RMIT University engineers have developed a new method of recycling personal protective equipment (PPE) to make concrete stronger, which could significantly reduce the waste generated by the pandemic.
Since the start of the COVID-19 pandemic, approximately 54,000 tonnes of PPE waste have been generated per day worldwide. Around 129 billion disposable face masks are used and thrown away around the world each month.
In three separate studies, the RMIT School of Engineering team investigated the feasibility of recycling three key types of PPE – isolation gowns, face masks and rubber gloves – into concrete.
Published in journals Building Materials Case Studies, Total Environmental Science and Cleaner Production Journalstudies have found that shredded PPE can increase concrete strength by up to 22% and improve crack resistance.
In each study, disposable face masks, rubber gloves, and isolation gowns were first shredded and then embedded in concrete at various volumes, between 0.1% and 0.25%.
The search found:
- Rubber gloves increased compressive strength by up to 22%
- Isolation gowns increased resistance to bending stress by up to 21%, resistance to compression by 15% and elasticity by 12%
- Face masks increased compressive strength by up to 17%
RMIT’s industrial partner, Casafico, now plans to use these research results in a field project.
The study’s first author, PhD researcher Shannon Kilmartin-Lynch, said the research brings a circular economy approach to the challenge of healthcare waste management.
“We urgently need smart solutions for the ever-growing pile of waste generated by COVID-19 – this challenge will persist even after the pandemic is over,” Mr Kilmartin-Lynch said.
“Our research found that incorporating the right amount of shredded PPE could improve the strength and durability of concrete.”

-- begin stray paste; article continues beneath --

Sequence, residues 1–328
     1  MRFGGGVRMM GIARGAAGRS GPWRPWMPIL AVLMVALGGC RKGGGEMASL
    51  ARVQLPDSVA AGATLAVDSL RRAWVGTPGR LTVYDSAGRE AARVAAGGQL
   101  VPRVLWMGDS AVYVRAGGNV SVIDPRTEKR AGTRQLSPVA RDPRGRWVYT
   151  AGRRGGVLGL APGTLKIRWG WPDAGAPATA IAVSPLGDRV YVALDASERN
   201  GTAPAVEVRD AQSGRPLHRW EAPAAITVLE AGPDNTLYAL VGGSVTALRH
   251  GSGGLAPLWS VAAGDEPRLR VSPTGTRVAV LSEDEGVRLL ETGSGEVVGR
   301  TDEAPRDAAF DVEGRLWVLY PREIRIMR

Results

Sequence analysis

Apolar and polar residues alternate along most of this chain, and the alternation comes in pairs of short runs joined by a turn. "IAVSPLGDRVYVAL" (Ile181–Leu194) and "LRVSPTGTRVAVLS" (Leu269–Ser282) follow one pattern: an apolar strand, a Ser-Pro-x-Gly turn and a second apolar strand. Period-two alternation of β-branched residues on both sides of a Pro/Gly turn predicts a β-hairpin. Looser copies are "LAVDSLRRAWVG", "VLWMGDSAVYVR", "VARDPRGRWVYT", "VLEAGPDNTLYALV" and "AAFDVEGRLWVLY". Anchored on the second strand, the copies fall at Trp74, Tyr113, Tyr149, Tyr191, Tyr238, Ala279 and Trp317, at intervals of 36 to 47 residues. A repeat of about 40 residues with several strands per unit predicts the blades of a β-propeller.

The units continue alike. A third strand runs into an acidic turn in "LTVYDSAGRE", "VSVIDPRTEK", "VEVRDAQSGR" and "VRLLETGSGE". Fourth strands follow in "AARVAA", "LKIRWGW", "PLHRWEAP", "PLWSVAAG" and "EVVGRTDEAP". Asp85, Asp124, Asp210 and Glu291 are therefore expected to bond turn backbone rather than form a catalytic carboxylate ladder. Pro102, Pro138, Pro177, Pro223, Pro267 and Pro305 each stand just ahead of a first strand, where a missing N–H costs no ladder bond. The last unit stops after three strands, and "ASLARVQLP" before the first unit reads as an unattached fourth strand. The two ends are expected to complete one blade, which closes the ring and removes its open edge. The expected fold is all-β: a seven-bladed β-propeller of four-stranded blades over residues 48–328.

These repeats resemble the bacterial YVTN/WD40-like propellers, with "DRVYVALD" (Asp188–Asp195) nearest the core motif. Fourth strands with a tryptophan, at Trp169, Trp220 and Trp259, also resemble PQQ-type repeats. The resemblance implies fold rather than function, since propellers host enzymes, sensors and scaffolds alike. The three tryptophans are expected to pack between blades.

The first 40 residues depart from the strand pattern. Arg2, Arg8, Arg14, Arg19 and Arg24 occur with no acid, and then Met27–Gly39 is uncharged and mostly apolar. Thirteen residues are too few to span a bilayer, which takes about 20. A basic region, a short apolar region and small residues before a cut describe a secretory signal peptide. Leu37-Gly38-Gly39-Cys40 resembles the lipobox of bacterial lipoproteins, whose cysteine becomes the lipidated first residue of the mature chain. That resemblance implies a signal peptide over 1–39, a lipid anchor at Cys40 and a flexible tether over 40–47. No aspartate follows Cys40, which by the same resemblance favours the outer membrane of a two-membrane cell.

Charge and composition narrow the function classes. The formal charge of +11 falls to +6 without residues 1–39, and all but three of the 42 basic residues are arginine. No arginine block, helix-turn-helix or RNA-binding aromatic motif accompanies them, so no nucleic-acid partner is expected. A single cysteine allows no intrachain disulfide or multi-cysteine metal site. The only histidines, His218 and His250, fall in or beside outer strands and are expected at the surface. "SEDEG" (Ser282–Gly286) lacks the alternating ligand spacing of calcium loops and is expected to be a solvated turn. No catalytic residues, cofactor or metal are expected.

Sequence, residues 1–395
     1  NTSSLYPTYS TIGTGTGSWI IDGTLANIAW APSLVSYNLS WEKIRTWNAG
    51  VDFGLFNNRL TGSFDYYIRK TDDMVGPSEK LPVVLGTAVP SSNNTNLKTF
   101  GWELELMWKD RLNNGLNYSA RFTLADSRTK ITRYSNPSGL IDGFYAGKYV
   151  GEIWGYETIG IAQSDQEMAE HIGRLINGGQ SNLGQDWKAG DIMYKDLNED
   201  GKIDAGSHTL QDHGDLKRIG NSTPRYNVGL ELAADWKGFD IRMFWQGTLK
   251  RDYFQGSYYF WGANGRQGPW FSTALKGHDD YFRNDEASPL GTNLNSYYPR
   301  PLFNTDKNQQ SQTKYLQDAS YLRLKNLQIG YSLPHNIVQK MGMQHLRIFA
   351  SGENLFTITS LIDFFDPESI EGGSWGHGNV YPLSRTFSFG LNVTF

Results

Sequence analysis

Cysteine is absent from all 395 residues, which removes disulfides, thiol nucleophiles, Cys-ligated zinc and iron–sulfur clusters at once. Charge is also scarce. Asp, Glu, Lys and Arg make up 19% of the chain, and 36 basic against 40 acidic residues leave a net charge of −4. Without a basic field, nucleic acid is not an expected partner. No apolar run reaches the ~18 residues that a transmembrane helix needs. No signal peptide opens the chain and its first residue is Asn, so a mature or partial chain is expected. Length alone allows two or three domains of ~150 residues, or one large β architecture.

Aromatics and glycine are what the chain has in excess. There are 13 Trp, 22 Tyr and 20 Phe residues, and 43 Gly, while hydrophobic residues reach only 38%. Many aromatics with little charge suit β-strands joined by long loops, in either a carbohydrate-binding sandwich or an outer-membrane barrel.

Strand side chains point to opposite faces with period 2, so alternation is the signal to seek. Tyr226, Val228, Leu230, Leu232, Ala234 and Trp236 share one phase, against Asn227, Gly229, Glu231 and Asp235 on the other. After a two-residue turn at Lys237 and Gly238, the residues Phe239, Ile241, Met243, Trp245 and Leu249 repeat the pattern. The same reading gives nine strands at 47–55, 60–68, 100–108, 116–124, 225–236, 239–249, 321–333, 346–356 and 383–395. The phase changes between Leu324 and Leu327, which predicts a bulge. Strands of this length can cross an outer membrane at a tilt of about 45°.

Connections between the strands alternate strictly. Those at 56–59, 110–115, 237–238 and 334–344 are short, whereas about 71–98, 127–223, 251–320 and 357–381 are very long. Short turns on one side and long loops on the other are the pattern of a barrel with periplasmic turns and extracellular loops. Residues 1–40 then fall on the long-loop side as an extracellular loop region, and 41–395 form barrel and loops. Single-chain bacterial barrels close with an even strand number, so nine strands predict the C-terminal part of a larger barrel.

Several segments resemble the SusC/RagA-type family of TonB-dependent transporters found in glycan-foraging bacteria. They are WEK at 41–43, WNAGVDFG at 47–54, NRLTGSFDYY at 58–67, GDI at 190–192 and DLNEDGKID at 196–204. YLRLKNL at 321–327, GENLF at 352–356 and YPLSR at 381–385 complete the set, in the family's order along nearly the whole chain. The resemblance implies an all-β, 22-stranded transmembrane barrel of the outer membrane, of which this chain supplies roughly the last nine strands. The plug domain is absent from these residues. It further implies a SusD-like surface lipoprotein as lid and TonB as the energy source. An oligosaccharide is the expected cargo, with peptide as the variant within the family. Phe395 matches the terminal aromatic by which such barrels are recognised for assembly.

Co-lead author Dr Rajeev Roychand said construction industries around the world have great potential to play an important role in turning this waste into a valuable resource.
“Although our research is in its early stages, these promising early findings are an important step towards developing effective recycling systems to keep disposable PPE waste from ending up in landfills,” said Mr Roychand.
Corresponding author and research team leader Prof Jie Li said PPE waste – from both healthcare and the general public – had a significant impact on the environment.
“We’ve all seen disposable masks littering our streets, but even when this waste is disposed of properly, it all ends up in landfill,” Li said.
“With a circular economy approach, we could keep this waste out of landfills, while leveraging the full value of these materials to create better products. It’s a victory on all fronts.
Li said the next stage of research is to assess the potential for mixing PPE streams, develop practical implementation strategies and work on field trials.
The RMIT team wants to collaborate with the health and construction industries to further develop the research.